Executive Director, Josh Viertel, closed the conference reminding us to celebrate! Celebrate food with music and friends. Without, our work is meaningless! We need both both the pleasure and the responsibility to have balance and be effective.
It reminded me of one of the first potlucks I attended after college. During college I took food for granted and after graduation, I didn't want to spend the money. That all changed the night I was invited to a dinner party by my friend Mel. It was at the house of Byron and Shalley. People I did not know, yet! I was greeted by the wafting smells of salmon being smoked on the back deck as I arrived. The meal was an explosion of flavors I had never tasted. I remember we started calling Byron's food Byranian because it was so unique; a fusion of Asian, Thai and Hawaiian. We still reference that moniker to this day. As the dishes piled up in the sink, an array of instruments started emerging from cases and behind chairs. A 3-hour jam session ensued. I had never experienced anything like it before, twenty or more people making music on the fly just feeding off the energy and direction of their fellow players. I have no musical talent but i played a pretty good set of wood sticks. I struck the wood sticks to the beat smiling from ear to ear. I was so happy to be apart of this gathering, this celebration and new friends! I didn't know it at the time but it was when I first learned about Slow Food!
Truckee Community Farm is green with harvest - April 16, 2012
The grow dome and the Truckee Community Farm received its first news article! Read the entire story in our local paper at the Sierra Sun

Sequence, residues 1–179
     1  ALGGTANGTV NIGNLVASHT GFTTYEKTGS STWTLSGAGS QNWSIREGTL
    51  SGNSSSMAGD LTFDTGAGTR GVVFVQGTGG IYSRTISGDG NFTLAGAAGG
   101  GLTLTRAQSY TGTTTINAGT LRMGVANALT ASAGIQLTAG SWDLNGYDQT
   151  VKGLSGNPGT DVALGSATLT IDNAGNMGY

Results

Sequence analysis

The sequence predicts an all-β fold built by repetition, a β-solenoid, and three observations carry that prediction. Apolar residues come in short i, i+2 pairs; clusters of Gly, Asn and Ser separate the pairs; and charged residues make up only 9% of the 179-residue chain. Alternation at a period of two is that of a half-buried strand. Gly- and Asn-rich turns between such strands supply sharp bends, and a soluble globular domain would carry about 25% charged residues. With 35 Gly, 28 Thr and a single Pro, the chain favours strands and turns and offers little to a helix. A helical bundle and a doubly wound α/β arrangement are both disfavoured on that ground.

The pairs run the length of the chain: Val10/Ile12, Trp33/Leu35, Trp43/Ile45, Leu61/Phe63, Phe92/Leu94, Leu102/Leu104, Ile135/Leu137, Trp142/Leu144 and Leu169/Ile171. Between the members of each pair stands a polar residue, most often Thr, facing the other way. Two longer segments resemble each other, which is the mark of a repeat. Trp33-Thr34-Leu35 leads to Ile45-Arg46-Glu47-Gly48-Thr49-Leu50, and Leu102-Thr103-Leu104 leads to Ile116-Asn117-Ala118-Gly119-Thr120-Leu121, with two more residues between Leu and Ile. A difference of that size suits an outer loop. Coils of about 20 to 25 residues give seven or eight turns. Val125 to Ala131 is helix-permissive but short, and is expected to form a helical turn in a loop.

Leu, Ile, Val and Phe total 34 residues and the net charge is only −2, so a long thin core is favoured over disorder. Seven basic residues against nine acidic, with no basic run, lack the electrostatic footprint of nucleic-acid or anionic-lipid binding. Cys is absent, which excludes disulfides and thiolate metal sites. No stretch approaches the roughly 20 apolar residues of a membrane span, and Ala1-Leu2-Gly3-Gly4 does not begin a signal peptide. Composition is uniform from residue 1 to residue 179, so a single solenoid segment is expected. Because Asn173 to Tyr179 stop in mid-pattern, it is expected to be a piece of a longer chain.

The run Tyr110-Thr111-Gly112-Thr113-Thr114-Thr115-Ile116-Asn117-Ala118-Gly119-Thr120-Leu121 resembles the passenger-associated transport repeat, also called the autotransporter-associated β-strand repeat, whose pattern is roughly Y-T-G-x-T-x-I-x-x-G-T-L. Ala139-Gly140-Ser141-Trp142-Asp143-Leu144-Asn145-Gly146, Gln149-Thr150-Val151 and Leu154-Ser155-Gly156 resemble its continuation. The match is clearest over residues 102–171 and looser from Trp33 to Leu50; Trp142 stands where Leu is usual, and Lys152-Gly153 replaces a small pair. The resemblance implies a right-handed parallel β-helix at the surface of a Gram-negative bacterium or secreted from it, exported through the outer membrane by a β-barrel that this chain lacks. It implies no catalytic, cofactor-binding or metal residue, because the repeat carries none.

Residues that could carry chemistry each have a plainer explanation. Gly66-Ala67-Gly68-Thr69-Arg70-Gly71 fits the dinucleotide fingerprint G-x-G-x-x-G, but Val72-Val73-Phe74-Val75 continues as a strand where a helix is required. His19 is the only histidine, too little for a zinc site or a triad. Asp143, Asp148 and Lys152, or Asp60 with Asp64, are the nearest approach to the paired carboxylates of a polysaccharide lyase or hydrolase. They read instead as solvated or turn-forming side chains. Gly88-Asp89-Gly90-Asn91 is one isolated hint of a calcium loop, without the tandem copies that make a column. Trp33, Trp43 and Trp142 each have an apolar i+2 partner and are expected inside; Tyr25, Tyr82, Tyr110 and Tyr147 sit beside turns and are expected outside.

, click here
The story wasn't so much about the grow dome's unique structure but rather how its design enabled an April harvest in a mountain climate which could be donated to the local hunger relief agency and supplement their food distribution. It is definitely raising eyebrows in our community for what's possible in agriculture.
If you are wondering what the reporter means by "clothes dryer" in the first paragraph, I was telling her how some farmers use not only large lettuce spinners to clean the greens but clothes dryer when on the low-delicate setting. I took a short video of an example this summer when I was at a farm that had one. Here's the video for the clothes dryer lettuce spinner
See photos below for making dirt into soil
The grow dome is really starting to take off. We are harvesting greens at least once a week: chard, spinach, lettuce, and mustard greens. Keep in mind, this is Tahoe in April. On average, the dome heats up b/w 75-95°F everyday. And at night, the dome is typically 25°F warmer inside than out. It got down to 12°F the other night and it was 37°F in the dome. The thermal mass of the water tank is really doing its job to retain the heat and the 4-walled, poly-carbonate exterior is keeping it trapped inside. They make a good team! This week we are making our first food donation to our local hunger relief agency, Project Mana
. The original goal of the dome was to supplement food for Project Mana's weekly food distribution. Considering it is only April, we are doing pretty good. Take a seedling tour by watching the video
below.This week's project has been to get our last, big bed ready for planting. The other beds all had wonderful, compost-enriched, garden soil from our local
compost authority, Full Circle Compost
in Minden, NV. The garden bed by the water tank, however, only has about 10% of this yummy stuff. The rest of it is our native, clay-heavy, rock-ridden soil. With all that clay, it clots up into tight chunks as soon as water hits it. It needed help! It needed to have the big rocks removed and amended generously with organic compost to turn the clay dense soil into more of a loamy soil. Below is a photo progression of how I did it. It is so rewarding. I felt like I was mining for gold as I sifted the native soil through the screen and revealed this fluffy, aerated soil. Loosened and rock-free, the soil was now capable of being mixed with compost which would feed the soil food web and awakened its growing power.
1) Loosen the compaction of the soil with a digging tool. 2) Dig a square about 3'x3'x1'. Move in a grid pattern to get every area of the grow bed.